Past Challenge: Art, Limit $10

Let’s just say ladies like us, put the fine in fine art. And just to prove how totally cultured we are, this week’s challenge is about lovely wall things.

Item 1: Benjamin Chee Chee Framed Print

  • Denise’s Price:  $7
  • Retail Price:  $225
  • Garage Sale

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Denise’s Story:

Benjamin Chee Chee (1944 – 1977) is one of my favorite artists. I’ve always loved the graceful lines and simplicity of his work. This 24″ x 21″ print is titled “Spring Flight” and was originally created in 1975. The gentleman selling this picture told me his aunt and uncle unknowingly bought two originals of Chee Chee’s work for $50 which were later appraised at $20,000.  No such luck here, but I’ll enjoy “Spring Flight” along with the other four Chee Chee prints I have on my living room wall.  We lost a great talent when Chee Chee died.

Item 2: Adolf Gottlieb Framed Print (The Seer)

  • Jackie’s Price: $2
  • Retail Price: $200 – $500
  • Garage Sale

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Jackie’s Story:

I admit it: I am an art snob. Whenever I see something so pedestrian as a Van Gogh print on someone’s wall, or god forbid an Ikea-brand poster of pastel flowers, I feel a smug sense of superiority. After all, why put the same thing on your wall as a million other people when you can decorate it with original art (pronounced Ah-rt in my head during such moments) like I do?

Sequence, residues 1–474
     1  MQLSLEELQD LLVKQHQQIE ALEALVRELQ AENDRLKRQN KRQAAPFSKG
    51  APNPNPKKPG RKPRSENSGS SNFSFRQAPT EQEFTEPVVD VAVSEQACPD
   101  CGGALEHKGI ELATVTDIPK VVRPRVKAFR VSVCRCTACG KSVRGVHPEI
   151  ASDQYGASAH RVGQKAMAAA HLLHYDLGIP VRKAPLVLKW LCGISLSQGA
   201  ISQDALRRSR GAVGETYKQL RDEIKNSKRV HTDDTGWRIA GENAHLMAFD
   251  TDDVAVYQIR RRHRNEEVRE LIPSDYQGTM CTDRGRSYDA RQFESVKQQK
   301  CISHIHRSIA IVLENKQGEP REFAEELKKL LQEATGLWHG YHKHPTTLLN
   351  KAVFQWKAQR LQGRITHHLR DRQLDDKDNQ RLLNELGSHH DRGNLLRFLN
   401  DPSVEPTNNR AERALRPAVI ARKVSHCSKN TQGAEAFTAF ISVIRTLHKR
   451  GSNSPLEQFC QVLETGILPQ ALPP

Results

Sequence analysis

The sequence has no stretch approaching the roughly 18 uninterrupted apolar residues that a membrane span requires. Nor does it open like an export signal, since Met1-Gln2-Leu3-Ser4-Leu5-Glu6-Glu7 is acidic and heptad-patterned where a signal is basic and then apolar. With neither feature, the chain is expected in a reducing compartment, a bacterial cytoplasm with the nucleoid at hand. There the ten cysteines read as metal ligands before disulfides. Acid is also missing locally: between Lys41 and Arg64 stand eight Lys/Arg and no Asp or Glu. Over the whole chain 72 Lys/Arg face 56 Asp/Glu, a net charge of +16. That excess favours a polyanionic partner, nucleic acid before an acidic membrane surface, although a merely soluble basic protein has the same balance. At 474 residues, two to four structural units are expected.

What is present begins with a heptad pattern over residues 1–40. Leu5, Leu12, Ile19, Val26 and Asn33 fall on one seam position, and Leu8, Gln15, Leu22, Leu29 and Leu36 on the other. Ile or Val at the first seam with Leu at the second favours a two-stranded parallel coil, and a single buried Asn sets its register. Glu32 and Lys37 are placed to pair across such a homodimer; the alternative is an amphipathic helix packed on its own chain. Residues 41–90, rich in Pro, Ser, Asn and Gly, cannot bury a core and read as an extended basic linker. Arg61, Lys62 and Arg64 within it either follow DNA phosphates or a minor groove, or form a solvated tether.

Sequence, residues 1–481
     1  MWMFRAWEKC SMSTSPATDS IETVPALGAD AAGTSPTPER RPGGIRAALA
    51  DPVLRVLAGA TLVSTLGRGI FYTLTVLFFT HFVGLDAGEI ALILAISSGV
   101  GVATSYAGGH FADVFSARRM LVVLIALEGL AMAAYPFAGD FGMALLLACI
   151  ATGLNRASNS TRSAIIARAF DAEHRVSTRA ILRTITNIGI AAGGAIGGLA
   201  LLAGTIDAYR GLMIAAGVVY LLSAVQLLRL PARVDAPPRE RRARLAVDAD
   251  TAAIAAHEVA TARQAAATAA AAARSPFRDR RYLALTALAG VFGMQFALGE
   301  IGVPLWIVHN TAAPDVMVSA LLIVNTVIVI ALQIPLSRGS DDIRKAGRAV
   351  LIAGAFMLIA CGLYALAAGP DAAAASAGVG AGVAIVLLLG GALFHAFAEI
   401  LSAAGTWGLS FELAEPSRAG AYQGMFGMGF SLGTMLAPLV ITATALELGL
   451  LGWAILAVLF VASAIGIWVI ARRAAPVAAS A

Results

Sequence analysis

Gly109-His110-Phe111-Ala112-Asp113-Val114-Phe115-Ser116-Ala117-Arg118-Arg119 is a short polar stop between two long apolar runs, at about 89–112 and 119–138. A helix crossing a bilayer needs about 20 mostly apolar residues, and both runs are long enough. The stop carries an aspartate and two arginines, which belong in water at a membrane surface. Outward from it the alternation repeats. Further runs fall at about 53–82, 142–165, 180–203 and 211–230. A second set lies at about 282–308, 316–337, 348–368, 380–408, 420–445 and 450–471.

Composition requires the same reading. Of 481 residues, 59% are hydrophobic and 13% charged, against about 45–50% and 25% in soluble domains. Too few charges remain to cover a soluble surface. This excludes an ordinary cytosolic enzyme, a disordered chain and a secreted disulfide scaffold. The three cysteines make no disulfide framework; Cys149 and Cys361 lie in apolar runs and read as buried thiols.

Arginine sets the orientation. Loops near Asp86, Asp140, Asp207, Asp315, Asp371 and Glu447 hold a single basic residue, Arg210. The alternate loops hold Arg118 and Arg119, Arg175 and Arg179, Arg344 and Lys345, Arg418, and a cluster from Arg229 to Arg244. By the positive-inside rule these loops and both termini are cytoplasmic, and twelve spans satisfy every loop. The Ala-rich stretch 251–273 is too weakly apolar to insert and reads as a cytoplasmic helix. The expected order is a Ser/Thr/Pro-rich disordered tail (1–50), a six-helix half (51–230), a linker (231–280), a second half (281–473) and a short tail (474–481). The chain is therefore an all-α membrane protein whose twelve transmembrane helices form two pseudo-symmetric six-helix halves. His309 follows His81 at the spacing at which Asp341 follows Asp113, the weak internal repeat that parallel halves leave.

Of course, it helps that my dad is a painter and I haven’t had to pay a dime for any of it.

And so it was with great trepidation that I approached this week’s challenge. Good art, thrifted. It can’t be done!

I was wrong. Not only did I find a piece I love, but I learned a little art history in the process.

The framed print I found, hanging against a weathered fence in a Port Moody yard sale, is by Adolph Gottlieb (March 14, 1903 – March 4, 1974). Gottlieb, a painter and sculptor from New York, was part of the first generation of American “Abstract Expressionists.” Painting alongside artists such as Jack KufeldMark Rothko, and Louis Schanker, this particular piece is part of his “Pictograph” series. 

According to the original painting’s current owner, The Phillips Collection museum,  Gottlieb created this painting as part of a series strongly influenced by Native American art that sought to represent experiences beyond western culture,

“Concerned with the insular, conservative style of American regionalist painters…Gottlieb [wanted to] instill paintings with meaning not limited to particular cultures, times, or places.”

Basically, the dude was a groundbreaker and one of the first Westerners (Emily Carr comes to mind) to truly value Indigenous art.

It may not be the original painting, but maybe having a little piece of history is real enough.

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